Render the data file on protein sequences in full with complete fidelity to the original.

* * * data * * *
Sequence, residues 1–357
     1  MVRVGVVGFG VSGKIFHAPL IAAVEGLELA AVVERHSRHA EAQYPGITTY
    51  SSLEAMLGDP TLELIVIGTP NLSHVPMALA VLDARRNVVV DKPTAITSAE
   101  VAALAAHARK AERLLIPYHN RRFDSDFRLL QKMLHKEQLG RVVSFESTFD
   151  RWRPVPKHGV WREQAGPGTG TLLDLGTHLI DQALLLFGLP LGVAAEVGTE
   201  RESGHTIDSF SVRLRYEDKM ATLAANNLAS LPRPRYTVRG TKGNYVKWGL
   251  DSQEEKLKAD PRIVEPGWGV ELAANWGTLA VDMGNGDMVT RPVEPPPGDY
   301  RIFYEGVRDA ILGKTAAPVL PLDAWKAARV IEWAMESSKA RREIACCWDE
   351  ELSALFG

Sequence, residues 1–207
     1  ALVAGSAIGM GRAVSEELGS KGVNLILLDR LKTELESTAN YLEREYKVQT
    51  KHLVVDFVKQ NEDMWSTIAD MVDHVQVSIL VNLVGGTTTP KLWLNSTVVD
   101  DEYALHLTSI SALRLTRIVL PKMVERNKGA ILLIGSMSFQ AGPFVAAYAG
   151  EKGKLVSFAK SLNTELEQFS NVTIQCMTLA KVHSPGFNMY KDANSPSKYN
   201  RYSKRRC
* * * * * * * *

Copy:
Sequence, residues 1–357
     1  MVRVGVVGFG VSGKIFHAPL IAAVEGLELA AVVERHSRHA EAQYPGITTY
    51  SSLEAMLGDP TLELIVIGTP NLSHVPMALA VLDARRNVVV DKPTAITSAE
   101  VAALAAHARK AERLLIPYHN RRFDSDFRLL QKMLHKEQLG RVVSFESTFD
   151  RWRPVPKHGV WREQAGPGTG TLLDLGTHLI DQALLLFGLP LGVAAEVGTE
   201  RESGHTIDSF SVRLRYEDKM ATLAANNLAS LPRPRYTVRG TKGNYVKWGL
   251  DSQEEKLKAD PRIVEPGWGV ELAANWGTLA VDMGNGDMVT RPVEPPPGDY
   301  RIFYEGVRDA ILGKTAAPVL PLDAWKAARV IEWAMESSKA RREIACCWDE
   351  ELSALFG

Sequence, residues 1–207
     1  ALVAGSAIGM GRAVSEELGS KGVNLILLDR LKTELESTAN YLEREYKVQT
    51  KHLVVDFVKQ NEDMWSTIAD MVDHVQVSIL VNLVGGTTTP KLWLNSTVVD
   101  DEYALHLTSI SALRLTRIVL PKMVERNKGA ILLIGSMSFQ AGPFVAAYAG
   151  EKGKLVSFAK SLNTELEQFS NVTIQCMTLA KVHSPGFNMY KDANSPSKYN
   201  RYSKRRC